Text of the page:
Dale Farm: council is violating international law, claims UN representative
A UN representative has accused a council of ''violating international law'' over the clearance of the UK's largest illegal travellers' site.
Professor Yves Cabannes, a UN adviser on forced eviction, was visiting Dale Farm near Basildon in Essex where a mass clearance is due to begin on Monday.
He said: ''A study which I led on forced eviction found that at Dale Farm and the UK in general the Government is violating international human rights law on three points.
''These are the right to adequate housing, the right to be defended from forced eviction and discrimination.''
Prof Cabannes added that Basildon Council had failed to provide the pitches it should make available to travellers.
He added: ''The people who are abusing the law are the council, not the travellers. The council is not fulfilling its duties.
''There are many Dale Farms which face these issues every day and there needs to be a co-ordinated approach across the country.
''We are used to see millions of people losing their homes in Zimbabwe, China and Nigeria - how is one country unable to solve the problem of 51 pitches?''
His visit came as there were signs of travellers beginning to leave the site voluntarily. At least five caravans are believed to have left last night.
The eviction is due to start on Monday and follows a decade-long row over unauthorised plots.
Although half of the site is legal, an estimated 400 people are said to be living on 51 unauthorised plots.
Travellers and supporters say they will resist the eviction peacefully but police are preparing a major operation to ensure the Basildon Council-led operation passes off peacefully.
Council leader Tony Ball said: ''For 10 years we have sought a peaceful and humanitarian solution to Dale Farm, but it must be one that involves upholding the law of our country.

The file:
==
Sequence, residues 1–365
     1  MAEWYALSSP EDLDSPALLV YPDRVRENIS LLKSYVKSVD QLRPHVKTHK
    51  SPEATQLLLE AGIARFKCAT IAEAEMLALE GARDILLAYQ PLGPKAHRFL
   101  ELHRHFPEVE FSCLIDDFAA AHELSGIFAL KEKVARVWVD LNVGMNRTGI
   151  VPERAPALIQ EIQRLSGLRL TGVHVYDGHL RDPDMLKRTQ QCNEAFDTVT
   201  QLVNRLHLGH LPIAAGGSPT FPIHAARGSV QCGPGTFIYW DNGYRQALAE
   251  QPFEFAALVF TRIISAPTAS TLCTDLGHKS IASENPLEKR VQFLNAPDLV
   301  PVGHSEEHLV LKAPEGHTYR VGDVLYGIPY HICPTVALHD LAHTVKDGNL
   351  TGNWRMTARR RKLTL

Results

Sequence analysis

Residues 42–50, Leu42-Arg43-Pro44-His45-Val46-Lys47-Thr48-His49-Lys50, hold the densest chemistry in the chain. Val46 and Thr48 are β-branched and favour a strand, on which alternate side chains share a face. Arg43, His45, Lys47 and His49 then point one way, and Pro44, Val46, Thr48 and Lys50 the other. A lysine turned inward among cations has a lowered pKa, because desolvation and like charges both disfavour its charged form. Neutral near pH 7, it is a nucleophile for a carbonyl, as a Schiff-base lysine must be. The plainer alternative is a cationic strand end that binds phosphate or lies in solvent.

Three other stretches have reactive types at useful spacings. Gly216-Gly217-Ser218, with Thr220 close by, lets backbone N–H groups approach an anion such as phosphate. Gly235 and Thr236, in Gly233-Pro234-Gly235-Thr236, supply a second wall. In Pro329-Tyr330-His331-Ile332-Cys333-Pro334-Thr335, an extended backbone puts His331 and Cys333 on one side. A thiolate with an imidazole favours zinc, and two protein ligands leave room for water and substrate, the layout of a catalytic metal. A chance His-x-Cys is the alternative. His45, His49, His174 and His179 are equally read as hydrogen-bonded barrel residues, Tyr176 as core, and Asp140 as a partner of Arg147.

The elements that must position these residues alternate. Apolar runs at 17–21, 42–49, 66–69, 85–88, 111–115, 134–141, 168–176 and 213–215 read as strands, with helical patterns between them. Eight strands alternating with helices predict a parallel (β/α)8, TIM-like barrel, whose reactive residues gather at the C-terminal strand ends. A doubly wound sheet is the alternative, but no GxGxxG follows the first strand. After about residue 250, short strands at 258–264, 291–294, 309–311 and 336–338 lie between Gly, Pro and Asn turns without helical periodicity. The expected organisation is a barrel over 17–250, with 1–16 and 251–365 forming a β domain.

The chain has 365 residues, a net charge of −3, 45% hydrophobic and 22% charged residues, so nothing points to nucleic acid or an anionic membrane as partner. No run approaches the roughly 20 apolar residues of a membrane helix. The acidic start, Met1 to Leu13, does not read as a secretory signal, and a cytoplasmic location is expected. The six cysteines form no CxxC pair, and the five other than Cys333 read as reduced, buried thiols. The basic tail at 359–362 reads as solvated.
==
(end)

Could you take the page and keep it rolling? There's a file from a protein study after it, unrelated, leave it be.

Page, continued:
''The current site has been illegally developed. After 10 years, when we have exhausted the judicial process and every effort to negotiate, we have no option but to resort to direct action to clear the site.
''The travellers can find a culturally appropriate answer to their housing problem but it must involve a site with the proper planning permission.
''The UN 'representative' may not be aware that Basildon provides more approved traveller sites than any other local authority area in Essex and among the greatest number on any area in the country. We have a very strong record of working with travellers within the law.
''The UN refers to the rights of the families involved. Basildon Council respects those along with the rights of the vast majority of its residents who want this illegal camp moved after 10 years of stalling tactics by the travellers.''
A spokesman for the Department for Communities and Local Government said: ''The British courts have found that the developments at Dale Farm are in breach of planning law and Basildon District Council is within its rights to evict travellers from the site.
''It has taken 10 years of failed negotiations and legal process to reach this point, and the unprecedented level of unauthorised development on green belt land has severely damaged community relations.''
Wednesday, 14 September 2011
Dale Farm: council is violating international law, claims UN representative - Telegraph